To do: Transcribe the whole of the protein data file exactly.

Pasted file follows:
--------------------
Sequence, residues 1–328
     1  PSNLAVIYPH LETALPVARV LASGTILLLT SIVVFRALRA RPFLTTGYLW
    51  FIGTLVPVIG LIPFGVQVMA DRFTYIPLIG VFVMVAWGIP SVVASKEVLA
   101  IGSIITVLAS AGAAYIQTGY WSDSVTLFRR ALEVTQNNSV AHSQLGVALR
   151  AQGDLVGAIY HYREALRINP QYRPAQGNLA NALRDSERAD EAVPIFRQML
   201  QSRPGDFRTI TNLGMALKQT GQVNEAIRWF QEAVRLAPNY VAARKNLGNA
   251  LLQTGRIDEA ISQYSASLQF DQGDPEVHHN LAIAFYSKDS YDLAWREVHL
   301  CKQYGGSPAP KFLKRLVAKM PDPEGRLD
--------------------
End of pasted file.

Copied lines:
Sequence, residues 1–328
     1  PSNLAVIYPH LETALPVARV LASGTILLLT SIVVFRALRA RPFLTTGYLW
    51  FIGTLVPVIG LIPFGVQVMA DRFTYIPLIG VFVMVAWGIP SVVASKEVLA
   101  IGSIITVLAS AGAAYIQTGY WSDSVTLFRR ALEVTQNNSV AHSQLGVALR
   151  AQGDLVGAIY HYREALRINP QYRPAQGNLA NALRDSERAD EAVPIFRQML
   201  QSRPGDFRTI TNLGMALKQT GQVNEAIRWF QEAVRLAPNY VAARKNLGNA
   251  LLQTGRIDEA ISQYSASLQF DQGDPEVHHN LAIAFYSKDS YDLAWREVHL
   301  CKQYGGSPAP KFLKRLVAKM PDPEGRLD